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ILNumerics - Technical Computing

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Upgrade Guide ILNumerics V4 -> v5

The following info is a collection of typical steps to be performed when upgrading a project from version 4 to version 5. You may read & check the full list or use it as a reference for searching specific term / function names etc. This list has been assembled based on feedback from customers during a prerelease phase for version 5. Commonly, only the first 6..7 points will apply to your project, though:

  1. Retarget your project to use at least .NET Framework 4.5.2. In Visual Studio -> Solution Explorer -> double click on the project's Properties node -> Application -> Target framework. If no framework >= 4.5.2 is installed, go ahead and make a concious decision about which framework to target. We (and Microsoft) recommend to target the latest framework available. Download + install this .NET framework using the official installer.
  2. Make sure ILNumerics version 5 is installed and the correct ILNumerics modules version 5 are referenced. Currently, this may requires to remove older references from your project and to add version 5 references from [Add References] dialog in Visual Studio.
  3. Add the recommended namespaces, include the recommended static tool classes. See:

    Computing Engine - Setup & Rules

  4. Refresh your licenses in Visual Studio -> Options -> ILNumerics -> Licenses.

  5. Remove the “IL” prefix from ALL class names. A rather painless way is to use the Visual Studio IDE. Just copy the below regular expression into the search box of the Quick Replace toolwindow in Visual Studio:


-> $1$2

Make sure that both buttons: "Aa" (case sensitivity) and ".*" (regexp) from the bottom row in the tool window are selected and that the button "Ab|" (whole word) is not selected! Hit "Replace All".


The above regular expression has proven to be working out for most 'regular' projects / algorithms. Some customers, however, reported problems related to large projects with many custom types having similar names as ILNumerics types. In this case you may try to adopt the above regular expression, to exclude more types from the filter expression (by adding them inside the '?(...)' negating parenthesis), or to start with another, more explicit expression right from the start: 



-> $1
  1. ILNumerics’ specific exceptions have been removed and replaced with common .NET exceptions. The class reference / Intellisense provides details about when which exception is thrown. Most places will generate ArgumentException or IndexOutOrRangeException, some throw InvalidOperationException or NotSupportedException.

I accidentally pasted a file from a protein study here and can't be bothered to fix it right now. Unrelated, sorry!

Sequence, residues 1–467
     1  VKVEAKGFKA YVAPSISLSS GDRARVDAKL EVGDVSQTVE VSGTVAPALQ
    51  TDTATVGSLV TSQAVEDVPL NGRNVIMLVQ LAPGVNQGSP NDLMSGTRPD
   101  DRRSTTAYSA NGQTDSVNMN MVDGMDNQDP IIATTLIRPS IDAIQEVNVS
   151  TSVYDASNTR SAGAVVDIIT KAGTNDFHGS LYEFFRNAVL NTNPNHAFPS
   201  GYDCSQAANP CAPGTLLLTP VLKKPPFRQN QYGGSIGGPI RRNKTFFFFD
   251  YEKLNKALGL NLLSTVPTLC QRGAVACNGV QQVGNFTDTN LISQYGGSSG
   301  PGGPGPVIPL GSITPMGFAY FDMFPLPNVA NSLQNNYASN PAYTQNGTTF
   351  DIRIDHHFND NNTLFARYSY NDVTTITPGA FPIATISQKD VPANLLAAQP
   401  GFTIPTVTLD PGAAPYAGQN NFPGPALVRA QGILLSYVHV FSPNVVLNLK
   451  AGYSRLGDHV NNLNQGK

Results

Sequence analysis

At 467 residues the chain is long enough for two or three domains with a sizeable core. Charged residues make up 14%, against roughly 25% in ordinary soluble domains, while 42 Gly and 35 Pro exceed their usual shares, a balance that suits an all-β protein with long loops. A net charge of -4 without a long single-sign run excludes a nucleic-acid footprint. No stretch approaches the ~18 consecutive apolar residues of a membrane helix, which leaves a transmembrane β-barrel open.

2. long is the new int! Array elements are indexed via long indices in version 5. A number of exception is provided for compatibility and for performance. But in general, the length of a dimension is expressed as long /Int64 value. Likewise, the length returned from the A.Size[i] & A.S[i] indexers is now long. In most cases you can simply change the declaration of local int variables to 'var' and fix any upcoming errors in the code below. Otherwise, of course, casting back down to int is possible, too. But keep in mind: the correct type is ‘Int64’! There must be a good reason to downcast a dimension length. We recommend to stay with ‘long’ and be prepared for huge arrays whenever possible.  
  3. Casting from multidimensional System.Array:

Compared to version 4 A is no longer transposed in version 5. It is converted to an ILNumerics array [4x3] with row major storage. In version 4, however, arrays had to be defined with dimensions flipped. Potentially, many codes today show the flipped version, still. Thus we need a way of easily flipping the definition of the multidim .NET initializers:

Solution 1: use vector<T>(…).Reshape(…) instead. This is fast but requires some refactoring work:

 Solution 2: leaves the original expression untouched, wraps it into array(...).T

Since the second solution first creates a temporary .NET array and copies it into a new ILNumerics array afterwards you may go with the first solution in high performance scenarios. On the other hand, such explicit array initializers tend to be relatively small so that performance may not be an issue here.